Date: December 2005
Creator: Ryan, Robin S.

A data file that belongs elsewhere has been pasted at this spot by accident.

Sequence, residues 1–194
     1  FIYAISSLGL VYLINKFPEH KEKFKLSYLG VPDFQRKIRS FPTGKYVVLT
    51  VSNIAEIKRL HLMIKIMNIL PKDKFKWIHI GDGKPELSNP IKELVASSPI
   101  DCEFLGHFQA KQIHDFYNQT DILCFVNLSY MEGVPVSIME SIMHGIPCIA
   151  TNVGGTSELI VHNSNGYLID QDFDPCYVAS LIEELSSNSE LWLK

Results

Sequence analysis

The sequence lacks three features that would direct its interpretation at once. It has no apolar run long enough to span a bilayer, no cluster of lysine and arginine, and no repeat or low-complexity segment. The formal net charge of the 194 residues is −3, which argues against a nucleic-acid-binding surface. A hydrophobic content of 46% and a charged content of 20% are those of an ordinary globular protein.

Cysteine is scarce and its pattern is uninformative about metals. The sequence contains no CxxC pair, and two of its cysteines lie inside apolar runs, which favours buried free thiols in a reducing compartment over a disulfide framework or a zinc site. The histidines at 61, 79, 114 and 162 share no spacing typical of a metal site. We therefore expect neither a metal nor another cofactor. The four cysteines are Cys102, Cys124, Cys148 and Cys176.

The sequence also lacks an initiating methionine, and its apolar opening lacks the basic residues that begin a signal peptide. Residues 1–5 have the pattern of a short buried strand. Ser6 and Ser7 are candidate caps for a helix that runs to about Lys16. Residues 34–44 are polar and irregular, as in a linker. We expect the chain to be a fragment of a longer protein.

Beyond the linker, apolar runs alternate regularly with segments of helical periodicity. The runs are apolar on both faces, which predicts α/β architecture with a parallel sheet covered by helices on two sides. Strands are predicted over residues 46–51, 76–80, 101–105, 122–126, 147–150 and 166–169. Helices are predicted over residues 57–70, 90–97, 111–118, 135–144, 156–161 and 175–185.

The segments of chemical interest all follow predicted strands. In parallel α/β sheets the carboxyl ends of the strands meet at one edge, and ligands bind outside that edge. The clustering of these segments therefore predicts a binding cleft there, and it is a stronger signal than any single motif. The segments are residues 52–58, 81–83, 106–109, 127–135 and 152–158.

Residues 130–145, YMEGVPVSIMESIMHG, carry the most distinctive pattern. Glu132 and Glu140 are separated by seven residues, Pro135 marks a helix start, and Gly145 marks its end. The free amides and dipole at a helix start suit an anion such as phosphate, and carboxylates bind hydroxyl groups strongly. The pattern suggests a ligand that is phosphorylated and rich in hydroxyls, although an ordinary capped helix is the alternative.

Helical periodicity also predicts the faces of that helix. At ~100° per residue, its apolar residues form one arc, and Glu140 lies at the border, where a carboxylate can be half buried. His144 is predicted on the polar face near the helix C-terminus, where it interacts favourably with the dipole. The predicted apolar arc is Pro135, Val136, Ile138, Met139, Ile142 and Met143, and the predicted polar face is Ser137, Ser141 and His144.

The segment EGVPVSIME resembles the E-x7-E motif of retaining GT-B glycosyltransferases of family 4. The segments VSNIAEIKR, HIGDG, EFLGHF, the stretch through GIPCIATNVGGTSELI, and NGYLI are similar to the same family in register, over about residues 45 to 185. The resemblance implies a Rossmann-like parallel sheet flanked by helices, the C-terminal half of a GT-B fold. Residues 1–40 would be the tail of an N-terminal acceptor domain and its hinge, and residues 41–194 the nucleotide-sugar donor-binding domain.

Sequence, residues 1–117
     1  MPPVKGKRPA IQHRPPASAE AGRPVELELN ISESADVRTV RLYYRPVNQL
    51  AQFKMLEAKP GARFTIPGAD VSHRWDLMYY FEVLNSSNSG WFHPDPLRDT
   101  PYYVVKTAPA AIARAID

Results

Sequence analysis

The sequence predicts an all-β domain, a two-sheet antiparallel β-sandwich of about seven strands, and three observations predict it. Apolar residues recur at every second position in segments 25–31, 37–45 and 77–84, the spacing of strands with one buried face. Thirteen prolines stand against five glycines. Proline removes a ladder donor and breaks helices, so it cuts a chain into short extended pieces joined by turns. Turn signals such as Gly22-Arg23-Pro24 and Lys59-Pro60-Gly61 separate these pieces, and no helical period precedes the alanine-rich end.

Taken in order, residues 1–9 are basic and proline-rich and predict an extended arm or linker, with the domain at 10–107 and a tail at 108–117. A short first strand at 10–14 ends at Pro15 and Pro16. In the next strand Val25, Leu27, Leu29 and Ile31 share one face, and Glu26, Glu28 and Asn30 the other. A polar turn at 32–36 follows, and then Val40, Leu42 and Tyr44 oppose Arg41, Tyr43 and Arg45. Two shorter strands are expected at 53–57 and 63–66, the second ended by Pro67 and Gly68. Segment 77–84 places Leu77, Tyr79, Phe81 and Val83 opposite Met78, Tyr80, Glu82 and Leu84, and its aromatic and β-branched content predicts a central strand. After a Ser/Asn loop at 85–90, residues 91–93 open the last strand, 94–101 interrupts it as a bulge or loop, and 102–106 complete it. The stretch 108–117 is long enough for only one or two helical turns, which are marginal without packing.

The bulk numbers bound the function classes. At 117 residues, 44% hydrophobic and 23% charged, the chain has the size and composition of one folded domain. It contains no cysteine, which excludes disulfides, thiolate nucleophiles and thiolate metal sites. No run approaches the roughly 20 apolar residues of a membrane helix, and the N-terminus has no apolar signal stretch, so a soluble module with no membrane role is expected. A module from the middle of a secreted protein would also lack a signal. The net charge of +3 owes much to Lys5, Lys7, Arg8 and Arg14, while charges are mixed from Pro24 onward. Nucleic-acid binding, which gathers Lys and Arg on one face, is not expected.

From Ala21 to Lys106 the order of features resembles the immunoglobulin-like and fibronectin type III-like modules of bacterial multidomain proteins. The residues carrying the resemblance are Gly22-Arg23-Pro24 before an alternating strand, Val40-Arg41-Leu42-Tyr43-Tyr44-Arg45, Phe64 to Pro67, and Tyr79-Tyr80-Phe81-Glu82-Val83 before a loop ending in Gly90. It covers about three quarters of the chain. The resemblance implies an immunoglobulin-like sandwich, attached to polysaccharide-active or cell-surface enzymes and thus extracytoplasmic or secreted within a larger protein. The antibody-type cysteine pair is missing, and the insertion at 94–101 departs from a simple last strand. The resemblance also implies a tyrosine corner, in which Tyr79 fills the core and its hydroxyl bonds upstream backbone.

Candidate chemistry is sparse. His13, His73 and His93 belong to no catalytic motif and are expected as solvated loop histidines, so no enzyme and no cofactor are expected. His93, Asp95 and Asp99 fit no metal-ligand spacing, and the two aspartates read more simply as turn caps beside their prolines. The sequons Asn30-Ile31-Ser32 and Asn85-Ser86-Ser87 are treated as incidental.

Description: The purpose of this study was to identify high performing school districts in Texas and to determine if there are different characteristics leading to the provision of an adequate education in high performing districts as compared to low performing districts. It specifically sought to determine which characteristics contributed most to an adequate education and used data from the Texas Academic Excellence Indicator System (AEIS) which chronicled scores on the Texas Assessment of Academic Skills (TAAS). The population for this study consisted of all 2001-2002 Texas public school districts with the exception of charter schools, special-purpose statutory districts, and state-administered districts, which resulted in using data from 1027 Texas school districts. Descriptive discriminant analysis was chosen as the method for statistical analysis. Data were obtained from the Texas Education Agency (TEA). Adequate and inadequate districts were analyzed according to eight variables. They were (1) taxable value per pupil, (2) the percentage of special education students, (3) the percentage of students coded as bilingual and ESL, (4) pupil-teacher ratio, (5) the size of the district, (6) the percentage of economically disadvantaged students in the district, (7) the district community type, such as rural or suburban, and (8) the total operating expenditures per ...
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